But at this point there is no market for paid content on the web, or anywhere else (note the crash-and-burn of investigative journalism as a result) - nobody even remembers or can imagine what a spam-free web would look like. (Including you adblock users, since there is nothing to consume but ad-sponsored content). So it's hard to blame any single advertiser or website for playing along.

Comment Re:I'll wager it doesn't actually matter (Score 3, Informative) 190

Doesn't matter? tell that to all the millions of websites that get a 25% cut in advertising revenue because those with bot nets need to get their cut.

You assume this is to divert ad revenues to phony sites? The article disputes that:

"We found a lot of bots suddenly inflating the audience of websites we recognize that are clearly not being run by international organized crime," said Michael Tiffany, the CEO and co-founder of White Ops.

Unfortunately, the article didn't get around to explaining why spammers would inflate ad impressions on legitimate sites. Are we so sure these legitimate sites aren't clients of marketing agencies that are paid to increase the clicks, never mind how they do it?

Comment Re:MPEG-2 on RPi (Score 1) 140

I don't think it's just the licensing. I am using mplayer -dumpstream dvb://xx and the .ts files it generates don't seem compatible with most players except mplayer itself, and don't seem to work on XBMC. What would be a better option for grabbing DVB from the command-line? One requirement is for the player to be able to start replay and skip around inside the file while before it is done recording.

Comment Re:XBMC Finally? (Score 1) 140

I have a pi and found the XBMC UI to be awfully sluggish on it. The bigger problem is it can't play the mpeg-ts dumps of broadcast TV I make from mplayer, although there must be some way to make TV broadcasts playable?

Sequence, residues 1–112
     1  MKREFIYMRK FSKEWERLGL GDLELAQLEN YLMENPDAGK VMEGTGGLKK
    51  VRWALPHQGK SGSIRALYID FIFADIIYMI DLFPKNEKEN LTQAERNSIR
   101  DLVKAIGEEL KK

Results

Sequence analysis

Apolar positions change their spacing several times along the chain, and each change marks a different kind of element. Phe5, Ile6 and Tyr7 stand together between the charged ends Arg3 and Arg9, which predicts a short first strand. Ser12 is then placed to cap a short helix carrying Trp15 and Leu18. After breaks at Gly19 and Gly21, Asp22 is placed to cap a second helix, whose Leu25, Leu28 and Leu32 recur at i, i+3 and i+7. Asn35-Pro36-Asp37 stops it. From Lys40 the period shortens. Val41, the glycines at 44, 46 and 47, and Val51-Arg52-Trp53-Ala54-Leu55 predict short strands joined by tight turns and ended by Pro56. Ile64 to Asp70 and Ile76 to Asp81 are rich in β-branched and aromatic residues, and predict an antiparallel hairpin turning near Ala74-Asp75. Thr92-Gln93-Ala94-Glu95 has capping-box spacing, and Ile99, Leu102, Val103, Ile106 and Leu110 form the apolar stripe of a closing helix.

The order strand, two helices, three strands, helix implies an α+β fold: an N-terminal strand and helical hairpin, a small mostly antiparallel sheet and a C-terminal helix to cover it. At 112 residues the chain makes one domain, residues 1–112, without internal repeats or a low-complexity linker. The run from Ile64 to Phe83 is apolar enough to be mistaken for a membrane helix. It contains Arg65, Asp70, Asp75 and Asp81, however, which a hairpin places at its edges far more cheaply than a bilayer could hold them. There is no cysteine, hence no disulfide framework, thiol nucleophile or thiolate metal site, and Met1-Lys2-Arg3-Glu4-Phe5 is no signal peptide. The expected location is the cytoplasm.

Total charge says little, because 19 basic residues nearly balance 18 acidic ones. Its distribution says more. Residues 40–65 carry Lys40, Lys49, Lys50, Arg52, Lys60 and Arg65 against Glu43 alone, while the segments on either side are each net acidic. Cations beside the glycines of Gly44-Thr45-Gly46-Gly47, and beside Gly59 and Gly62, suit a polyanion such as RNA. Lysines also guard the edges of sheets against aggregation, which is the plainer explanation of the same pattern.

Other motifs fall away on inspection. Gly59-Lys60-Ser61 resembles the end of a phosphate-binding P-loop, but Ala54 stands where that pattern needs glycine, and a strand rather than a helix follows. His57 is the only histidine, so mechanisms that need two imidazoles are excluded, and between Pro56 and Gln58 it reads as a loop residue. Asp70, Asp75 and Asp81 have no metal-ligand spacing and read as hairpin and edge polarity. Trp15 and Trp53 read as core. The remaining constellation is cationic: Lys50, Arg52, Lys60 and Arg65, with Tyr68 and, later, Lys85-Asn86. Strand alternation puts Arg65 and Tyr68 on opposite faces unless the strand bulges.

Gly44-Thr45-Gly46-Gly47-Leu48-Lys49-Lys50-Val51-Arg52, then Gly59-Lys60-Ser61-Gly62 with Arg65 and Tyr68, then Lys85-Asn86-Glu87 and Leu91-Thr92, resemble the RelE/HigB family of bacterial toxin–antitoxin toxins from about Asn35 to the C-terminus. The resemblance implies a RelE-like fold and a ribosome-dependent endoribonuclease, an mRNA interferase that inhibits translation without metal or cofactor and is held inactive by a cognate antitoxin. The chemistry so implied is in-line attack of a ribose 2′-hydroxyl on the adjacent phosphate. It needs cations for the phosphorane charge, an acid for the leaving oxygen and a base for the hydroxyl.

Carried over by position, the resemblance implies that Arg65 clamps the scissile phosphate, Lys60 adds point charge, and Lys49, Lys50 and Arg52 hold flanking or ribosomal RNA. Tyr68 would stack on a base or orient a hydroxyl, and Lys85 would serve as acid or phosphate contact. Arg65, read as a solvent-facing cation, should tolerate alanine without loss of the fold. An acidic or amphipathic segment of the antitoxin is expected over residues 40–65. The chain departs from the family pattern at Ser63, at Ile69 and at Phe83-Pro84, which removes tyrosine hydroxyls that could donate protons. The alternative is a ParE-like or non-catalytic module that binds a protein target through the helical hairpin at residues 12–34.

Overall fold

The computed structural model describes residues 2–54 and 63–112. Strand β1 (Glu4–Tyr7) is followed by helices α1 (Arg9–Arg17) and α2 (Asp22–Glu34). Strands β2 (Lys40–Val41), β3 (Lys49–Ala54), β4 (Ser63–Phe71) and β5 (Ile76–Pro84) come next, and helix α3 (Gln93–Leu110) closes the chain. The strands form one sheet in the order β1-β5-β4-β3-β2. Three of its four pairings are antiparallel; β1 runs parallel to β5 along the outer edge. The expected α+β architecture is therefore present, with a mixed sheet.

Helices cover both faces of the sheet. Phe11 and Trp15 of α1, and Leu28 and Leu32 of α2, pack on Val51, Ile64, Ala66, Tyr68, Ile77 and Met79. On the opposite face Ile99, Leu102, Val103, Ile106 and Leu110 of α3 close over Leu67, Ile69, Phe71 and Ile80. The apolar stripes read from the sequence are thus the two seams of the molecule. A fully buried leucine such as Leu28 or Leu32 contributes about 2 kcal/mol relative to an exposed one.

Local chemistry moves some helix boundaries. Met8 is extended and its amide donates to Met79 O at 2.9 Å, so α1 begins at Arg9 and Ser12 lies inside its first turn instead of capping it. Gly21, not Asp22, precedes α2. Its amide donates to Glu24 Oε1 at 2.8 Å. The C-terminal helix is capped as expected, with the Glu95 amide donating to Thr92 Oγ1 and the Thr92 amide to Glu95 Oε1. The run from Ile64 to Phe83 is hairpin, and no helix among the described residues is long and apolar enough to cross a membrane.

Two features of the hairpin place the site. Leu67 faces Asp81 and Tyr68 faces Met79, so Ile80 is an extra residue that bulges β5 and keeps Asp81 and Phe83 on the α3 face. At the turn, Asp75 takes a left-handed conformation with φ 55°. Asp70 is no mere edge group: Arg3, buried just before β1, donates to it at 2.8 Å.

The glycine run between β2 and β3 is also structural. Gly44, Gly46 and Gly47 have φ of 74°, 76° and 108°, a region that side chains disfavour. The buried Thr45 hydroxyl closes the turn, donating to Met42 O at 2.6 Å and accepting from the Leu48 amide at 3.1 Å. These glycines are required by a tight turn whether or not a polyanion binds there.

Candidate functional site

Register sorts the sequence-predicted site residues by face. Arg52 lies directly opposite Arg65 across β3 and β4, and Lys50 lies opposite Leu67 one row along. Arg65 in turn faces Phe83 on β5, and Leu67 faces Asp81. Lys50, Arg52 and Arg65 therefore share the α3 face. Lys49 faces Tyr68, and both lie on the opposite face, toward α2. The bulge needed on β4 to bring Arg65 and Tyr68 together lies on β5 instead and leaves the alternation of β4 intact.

The pi is also too slow to be a thin client for X if you use a WiFi usb dongle, or if you tunnel over ssh. But if you use the ethernet, open the X server on the pi to un-encrypted remote connections (DISPLAY=pi:0 firefox on the client), it is passable for web use, other than flash and videos. I use it to look at howto's in my garage.

Comment Re:It's bullshit, but it's the same bullshit as us (Score 5, Insightful) 192

But the ad-driven Internet has effectively relegated personal documents to business records. When google is already reading and adding commercials to every email, it's much harder to argue these are intended to be private, person-to-person communications. Google's multi-billion dollar business actually is snooping, and its users consent to that.

Comment Re:too late (Score 1) 280

The ability of governments to act as gatekeeper that controls and taxes voluntary commerce between willing parties is ending. Deal with it.

That is what we used to call libertarian cyber-utopianism. The basic assumption there is that technology empowers individuals (and private collectives, in the capitalist version) but not the public collective. (The "utopian" part of the assumption is that this would be good.)

Why do you think that? It seems to me that, just as much as technology empowers individuals to operate as unlicensed taxis, it empowers collectives (insurance companies and governments) to identify them (e.g. license plate recognition and cellphone tracking).

We are 20 years into the Internet age and I don't see a big net shift in individual empowerment. If anything, Big Data empowers Big Business and Big Government.